Power alone can’t bring about social change, says RSS gen secy
Mumbai: RSS stalwart Bhayyaji Joshi’s speech in the city on Thursday expressing concern over concentration of power in the hands of politicians has created a flutter in the BJP. Joshi is the ‘sar saha karyawah’ or general secretary of the RSS and is considered to be the Hindutva outfit’s key strategist. “Power alone can’t bring about social transformation. Change will happen only because of vibrant social agencies,” he said.
Opposing the trend of political interference in matters of public importance, Joshi said top Indian scientists such as Dr Homi Bhabha, Dr Vikram Sarabhai and Dr APJ Abdul Kalam are remembered and revered even today as they gave their best to the country. “And there was no political interference in their work,” he recalled.
Stating that a leader assumes unbridled power in democracy, Joshi said, “Politicians see nothing wrong in this. However, the unfortunate part is that even society endorses this view. Social responsibility shouldn’t be seen as a means to garner power... In democracy Bhayyaji Joshi one acquires rights, but this gives rise to power and, in turn, vanity,” Joshi said. He was addressing a conclave of businessmen and Sangh activists at a Shivaji Park auditorium. The meeting was held under the aegis of the city unit of the Bharat Vikas Parishad.
Taking a dig at power-seekers, Joshi said, “Those who ask for votes under the pretext of lok seva (serving people) are not to be seen anywhere after defeat. Worse, those who win the election lack public spirit and selflessness.”
Underscoring the need for social forces to shape politics, Joshi said, “Today one sees po- litics trying to influence social forces... In fact, social themes should shape politics... If you take a close look at history you will realise that social forces and politics were two different aspects of our public life. The king’s job was to ensure security and safety of citizens, draw strategies to improve ties with other countries and create a so- und infrastructure to ensure social justice. The king never interfered with the social system and vice versa. The two agencies functioned in close collaboration based on mutual trust and division of labour.”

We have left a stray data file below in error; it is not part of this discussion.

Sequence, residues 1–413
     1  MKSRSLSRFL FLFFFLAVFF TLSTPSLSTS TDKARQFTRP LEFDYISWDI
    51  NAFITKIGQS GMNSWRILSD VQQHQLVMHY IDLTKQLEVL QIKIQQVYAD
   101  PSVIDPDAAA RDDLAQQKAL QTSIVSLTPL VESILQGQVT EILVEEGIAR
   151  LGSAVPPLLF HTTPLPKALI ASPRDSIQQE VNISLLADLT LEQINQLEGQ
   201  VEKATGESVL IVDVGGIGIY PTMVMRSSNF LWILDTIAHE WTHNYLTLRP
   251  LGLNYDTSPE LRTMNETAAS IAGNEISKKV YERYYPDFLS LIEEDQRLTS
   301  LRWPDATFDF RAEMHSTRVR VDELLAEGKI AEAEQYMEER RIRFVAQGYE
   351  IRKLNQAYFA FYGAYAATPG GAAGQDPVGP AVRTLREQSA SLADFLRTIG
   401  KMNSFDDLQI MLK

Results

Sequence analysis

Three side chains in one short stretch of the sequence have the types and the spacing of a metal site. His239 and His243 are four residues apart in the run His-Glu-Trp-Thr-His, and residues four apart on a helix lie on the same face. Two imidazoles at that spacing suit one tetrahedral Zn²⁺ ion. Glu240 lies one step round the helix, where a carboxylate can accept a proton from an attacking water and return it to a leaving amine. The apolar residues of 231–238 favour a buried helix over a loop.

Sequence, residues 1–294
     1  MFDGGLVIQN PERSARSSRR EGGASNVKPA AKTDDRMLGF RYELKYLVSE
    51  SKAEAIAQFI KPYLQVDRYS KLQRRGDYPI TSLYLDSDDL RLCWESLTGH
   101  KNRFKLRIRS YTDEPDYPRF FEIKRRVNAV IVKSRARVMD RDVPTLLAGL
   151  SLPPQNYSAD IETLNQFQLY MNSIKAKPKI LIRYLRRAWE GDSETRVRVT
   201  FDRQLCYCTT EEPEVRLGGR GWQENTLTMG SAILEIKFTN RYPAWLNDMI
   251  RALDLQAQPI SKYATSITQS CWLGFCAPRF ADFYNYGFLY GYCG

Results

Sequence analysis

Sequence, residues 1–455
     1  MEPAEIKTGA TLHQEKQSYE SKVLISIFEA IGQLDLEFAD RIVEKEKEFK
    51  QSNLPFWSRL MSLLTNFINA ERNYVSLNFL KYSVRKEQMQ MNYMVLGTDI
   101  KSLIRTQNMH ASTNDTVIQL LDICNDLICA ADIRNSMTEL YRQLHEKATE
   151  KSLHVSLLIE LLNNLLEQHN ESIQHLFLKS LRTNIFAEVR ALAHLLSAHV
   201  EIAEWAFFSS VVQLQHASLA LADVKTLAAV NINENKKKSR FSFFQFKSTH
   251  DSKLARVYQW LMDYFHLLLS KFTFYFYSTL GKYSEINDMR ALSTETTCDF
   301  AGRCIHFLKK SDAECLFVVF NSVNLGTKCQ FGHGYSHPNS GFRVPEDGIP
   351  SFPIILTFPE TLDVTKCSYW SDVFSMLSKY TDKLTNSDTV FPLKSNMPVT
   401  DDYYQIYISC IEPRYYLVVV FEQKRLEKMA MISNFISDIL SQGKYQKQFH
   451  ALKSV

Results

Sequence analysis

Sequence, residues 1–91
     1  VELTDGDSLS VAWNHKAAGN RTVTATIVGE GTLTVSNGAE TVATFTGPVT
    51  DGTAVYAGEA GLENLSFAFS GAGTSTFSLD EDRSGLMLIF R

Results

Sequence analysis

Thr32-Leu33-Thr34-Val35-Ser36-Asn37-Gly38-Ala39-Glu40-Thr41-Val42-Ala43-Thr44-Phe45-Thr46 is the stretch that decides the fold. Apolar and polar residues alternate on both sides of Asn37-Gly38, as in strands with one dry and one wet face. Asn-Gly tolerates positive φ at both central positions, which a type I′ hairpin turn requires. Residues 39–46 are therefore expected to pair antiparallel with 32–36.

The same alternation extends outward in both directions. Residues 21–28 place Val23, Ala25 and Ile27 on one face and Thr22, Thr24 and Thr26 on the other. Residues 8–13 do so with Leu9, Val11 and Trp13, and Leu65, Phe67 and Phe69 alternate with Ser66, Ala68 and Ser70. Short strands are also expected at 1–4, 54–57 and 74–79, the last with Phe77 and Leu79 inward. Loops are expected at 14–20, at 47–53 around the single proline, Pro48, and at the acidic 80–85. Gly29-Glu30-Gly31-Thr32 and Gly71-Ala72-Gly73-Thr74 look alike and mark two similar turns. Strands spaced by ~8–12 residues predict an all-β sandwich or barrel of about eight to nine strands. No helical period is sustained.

Pointing out that India still holds in esteem kings of yore such as Harishchandra, Shalivahan and Vikramaditya because they harnessed power for peace and social good, Joshi said, “There was no political interference... But there are no kings today. Democracy doesn’t believe in royalty. Today, you may find four kings only in the game of cards.”
Joshi expressed dismay over courts deciding religious matters. Without directly referring to the SC judgement allowing entry of women of all ages into the Sabarimala temple, Joshi said, “One is pained to see religious seers seeking justice from a court,” he said.